Iraq and Afghanistan war veteran Tony Simone sat on a paralympics-style stationary hand cycle, his eyes, fixated on a screen set up at Willis Tower that showed him closing in on his goal of cycling 3.5 miles with one hand.
Nearby, hundreds were preparing to take the stairs up 103 floors to the top of the Willis Tower.
The occasion was SkyRise Chicago, the Rehabilitation Institute of Chicago’s third annual stair climbing and hand cycling fundraiser–what’s billed as the world’s tallest indoor climb event.
A spokeswoman couldn’t immediately say how much money the event raised. As of Nov. 3, it had raised about $900,000, but donations are being accepted through the end of the month. Last year, the event raised more than $1 million.
The fundraiser Sunday attracted roughly 2,500 participants, including past and present stair-climbing patients, community supporters and nearly 40 hand cyclists like Simone.
The 30-year-old Joliet resident was severely injured when the helicopter he was co-piloting in Afghanistan was shot down three days before he was scheduled to return home. The crash caused a traumatic brain injury that left him with a speech impairment, requires him to walk with a cane and that restricts mobility of his left arm.
Simone, who was released from inpatient rehabilitation at RIC a few months ago, is now an outpatient. He said he hopes his involvement in the event helps raise awareness about RIC.
“I hope a lot of people will hear about it and donate money,” he said as he joined others who participated in the fundraiser at the top of Willis Tower. There they were greeted by cheers and given medals.
“The therapists have been the best,” Simone added.
Asked how he felt upon completing his cycling mission, “relieved,” he said with a smile. He added he was disappointed that he came in last instead of first among his group of hand cyclists.
“But you did it with one arm,” his proud wife, Andrea Simone told him. She held his left hand as he cycled and planted a kiss on him, when he finished.
Among participants in the stair climb were pregnant women, climbers walking with prosthetic legs; children and seniors ages nine to 80; and Chicago Bulls player Ronnie Brewer, who did the stair climb for the first time. After finishing, Brewer said the climb wasn’t equivalent to using a StairMaster or performing sprints or line drills, which he’s used to doing.
“It was tougher than I thought,” Brewer said, noting he drew inspiration “from signs and people cheering you on. You see patients going up their walking. You had some firefighters with all their equipment on, and you’re like man, you can’t really take a rest. You’ve got to push through it because those people are pushing through it.”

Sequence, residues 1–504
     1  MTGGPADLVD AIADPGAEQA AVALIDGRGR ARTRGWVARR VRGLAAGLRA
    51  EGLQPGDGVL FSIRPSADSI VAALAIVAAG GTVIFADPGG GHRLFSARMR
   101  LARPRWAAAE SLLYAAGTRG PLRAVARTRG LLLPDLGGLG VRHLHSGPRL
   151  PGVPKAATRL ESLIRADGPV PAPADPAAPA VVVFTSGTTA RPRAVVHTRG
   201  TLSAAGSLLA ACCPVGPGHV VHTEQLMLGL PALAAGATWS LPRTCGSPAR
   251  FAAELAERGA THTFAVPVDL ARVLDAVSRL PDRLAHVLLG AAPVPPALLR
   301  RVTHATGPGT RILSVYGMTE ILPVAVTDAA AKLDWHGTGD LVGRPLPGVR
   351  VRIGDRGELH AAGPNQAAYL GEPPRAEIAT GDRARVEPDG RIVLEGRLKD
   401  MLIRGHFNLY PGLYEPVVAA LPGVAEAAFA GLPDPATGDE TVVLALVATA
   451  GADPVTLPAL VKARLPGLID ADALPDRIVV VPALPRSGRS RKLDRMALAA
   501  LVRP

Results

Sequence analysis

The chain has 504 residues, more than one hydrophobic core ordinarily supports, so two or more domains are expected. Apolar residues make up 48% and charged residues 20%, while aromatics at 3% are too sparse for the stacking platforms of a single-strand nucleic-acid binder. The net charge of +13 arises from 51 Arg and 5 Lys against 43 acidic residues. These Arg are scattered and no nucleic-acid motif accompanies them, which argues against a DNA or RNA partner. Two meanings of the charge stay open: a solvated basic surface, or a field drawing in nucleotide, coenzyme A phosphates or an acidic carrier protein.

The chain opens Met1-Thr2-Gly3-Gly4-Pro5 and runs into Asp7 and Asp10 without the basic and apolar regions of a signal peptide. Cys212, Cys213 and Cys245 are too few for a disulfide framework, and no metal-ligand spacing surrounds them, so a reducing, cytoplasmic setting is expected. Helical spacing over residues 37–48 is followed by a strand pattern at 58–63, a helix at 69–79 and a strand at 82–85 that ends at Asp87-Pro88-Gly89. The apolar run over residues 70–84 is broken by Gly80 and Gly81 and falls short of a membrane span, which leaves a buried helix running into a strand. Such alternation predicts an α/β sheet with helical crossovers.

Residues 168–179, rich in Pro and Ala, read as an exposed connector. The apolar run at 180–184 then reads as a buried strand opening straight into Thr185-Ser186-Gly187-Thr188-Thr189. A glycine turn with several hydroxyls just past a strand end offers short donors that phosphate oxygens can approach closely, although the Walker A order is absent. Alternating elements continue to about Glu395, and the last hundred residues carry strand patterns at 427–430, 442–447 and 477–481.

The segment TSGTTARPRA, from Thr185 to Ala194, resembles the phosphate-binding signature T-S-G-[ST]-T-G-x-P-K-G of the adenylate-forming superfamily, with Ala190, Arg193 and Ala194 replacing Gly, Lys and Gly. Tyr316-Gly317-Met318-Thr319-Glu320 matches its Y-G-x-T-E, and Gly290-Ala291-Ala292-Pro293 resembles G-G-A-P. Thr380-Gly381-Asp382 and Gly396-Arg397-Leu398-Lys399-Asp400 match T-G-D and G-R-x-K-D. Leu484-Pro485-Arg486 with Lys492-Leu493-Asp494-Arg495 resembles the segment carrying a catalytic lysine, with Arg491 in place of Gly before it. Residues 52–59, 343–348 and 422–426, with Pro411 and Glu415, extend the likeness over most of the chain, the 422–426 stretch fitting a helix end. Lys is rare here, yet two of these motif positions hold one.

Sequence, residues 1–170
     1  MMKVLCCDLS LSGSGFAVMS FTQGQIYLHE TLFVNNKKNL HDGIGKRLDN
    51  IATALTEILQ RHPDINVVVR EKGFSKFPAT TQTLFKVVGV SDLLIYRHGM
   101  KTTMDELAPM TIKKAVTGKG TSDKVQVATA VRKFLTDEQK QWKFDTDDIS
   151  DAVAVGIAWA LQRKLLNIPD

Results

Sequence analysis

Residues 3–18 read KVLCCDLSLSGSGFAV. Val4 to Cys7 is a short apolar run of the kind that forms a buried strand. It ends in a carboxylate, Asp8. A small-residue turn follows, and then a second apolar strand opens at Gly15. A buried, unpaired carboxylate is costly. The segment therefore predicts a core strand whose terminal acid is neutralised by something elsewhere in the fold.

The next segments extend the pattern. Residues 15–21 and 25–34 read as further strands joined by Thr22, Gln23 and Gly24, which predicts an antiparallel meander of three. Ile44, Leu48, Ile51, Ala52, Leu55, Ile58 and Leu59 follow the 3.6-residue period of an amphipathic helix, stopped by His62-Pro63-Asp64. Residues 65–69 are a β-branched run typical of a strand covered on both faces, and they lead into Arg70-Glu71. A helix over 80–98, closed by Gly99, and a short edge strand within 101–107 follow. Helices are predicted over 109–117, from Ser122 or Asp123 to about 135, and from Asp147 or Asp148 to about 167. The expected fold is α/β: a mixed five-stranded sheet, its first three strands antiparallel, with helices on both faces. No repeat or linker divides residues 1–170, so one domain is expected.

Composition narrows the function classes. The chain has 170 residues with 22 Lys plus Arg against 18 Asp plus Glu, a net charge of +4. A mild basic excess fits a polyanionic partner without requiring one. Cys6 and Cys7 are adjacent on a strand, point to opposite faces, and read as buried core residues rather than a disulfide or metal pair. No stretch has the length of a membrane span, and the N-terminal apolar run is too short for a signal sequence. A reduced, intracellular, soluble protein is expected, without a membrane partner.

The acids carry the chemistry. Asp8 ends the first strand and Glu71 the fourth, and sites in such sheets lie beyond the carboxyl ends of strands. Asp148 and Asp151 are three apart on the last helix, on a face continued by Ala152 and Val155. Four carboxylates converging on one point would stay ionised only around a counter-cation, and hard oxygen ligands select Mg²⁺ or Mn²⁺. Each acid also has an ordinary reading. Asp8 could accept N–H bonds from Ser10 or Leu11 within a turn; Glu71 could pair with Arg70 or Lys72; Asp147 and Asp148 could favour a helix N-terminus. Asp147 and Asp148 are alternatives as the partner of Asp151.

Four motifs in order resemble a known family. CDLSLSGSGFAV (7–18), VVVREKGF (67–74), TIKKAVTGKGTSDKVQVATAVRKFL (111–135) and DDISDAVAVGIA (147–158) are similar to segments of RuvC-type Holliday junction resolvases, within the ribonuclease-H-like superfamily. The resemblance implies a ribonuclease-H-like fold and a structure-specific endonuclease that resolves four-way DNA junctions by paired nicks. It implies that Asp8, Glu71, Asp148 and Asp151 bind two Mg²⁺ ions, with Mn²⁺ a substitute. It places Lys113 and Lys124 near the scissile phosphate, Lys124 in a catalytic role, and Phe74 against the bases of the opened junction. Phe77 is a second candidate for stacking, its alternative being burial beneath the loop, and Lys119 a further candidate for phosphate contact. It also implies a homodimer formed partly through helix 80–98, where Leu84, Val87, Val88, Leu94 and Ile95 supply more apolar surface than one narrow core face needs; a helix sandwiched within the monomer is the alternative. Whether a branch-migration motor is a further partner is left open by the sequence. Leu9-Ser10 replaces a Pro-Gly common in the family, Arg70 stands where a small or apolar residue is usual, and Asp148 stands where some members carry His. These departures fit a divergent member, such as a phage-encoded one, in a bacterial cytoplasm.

He said he hoped his participation served as an inspiration to patients and that it would inspire other athletes to become involved in more charitable community events, adding, “When you have the opportunity to be able to help the community, I feel like it’s your duty and you owe it to yourself, to your city, your family to go up there and do your part.”
Fireman Steve Coover of Bloomington, Ind. joined Chicago resident Kathy Pacholski taking flight up the stairs. They met for the first time on about the 30th floor and stayed together for the rest of the climb.
“I was supposed to be carrying him the last three flights, but he’s too heavy for me,” Pacholski kidded.
Pacholski, 50, suffered a stroke 15 months ago that left her unable to walk or move her right side. Sunday she completed the climb in about an hour and 15 minutes.
After her stroke, “It took two people to get me out of a wheelchair in the beginning,” she shared. “And now look at me. It’s just amazing.”
She said she participated in the event to give back to RIC. Help she received at RIC included one-on-one therapy in combination with state-of-the art robotic devices to improve her arm and hand function. She also received therapy via the so-called Lokomat, a robotic exoseleton over a treadmill that aids in walking, and she participated in a study using Trans-radial Magnetic Stimulation that helps her focus on the specific area of the brain where her stroke occurred.
Tyree Beard of Hillside, was among seven co-workers from Celtic Insurance who participated in the climb – a first for him. Asked how he prepared, the 31-year-old conceded, “I didn’t, prepare honestly. This morning I ate a healthy breakfast, and I just made up my mind I was going to complete it. I took plenty of breaks.”
Hand cyclist Victoria Nunn, who is receiving therapy at RIC for a neurological disorder she suffered seven years ago that left her unable to walk, said she trained twice a week for two months for the event. She’d just completed the 3.5-mile trek Sunday and wore a broad, proud smile. Her hand cycle and the others were calibrated to mimic the same elevation and distance of the stair climb.
“It’s amazing to be able to accomplish this,” she said. “I feel great.”
Thanks to improvement in her condition, Nunn is hopeful she’ll be able to do the stair climb next year.
This year, garbed for inspiration in a T-shirt that belonged to her father, who recently passed away, she completed her hand cycle trek in 37 minutes, a personal best.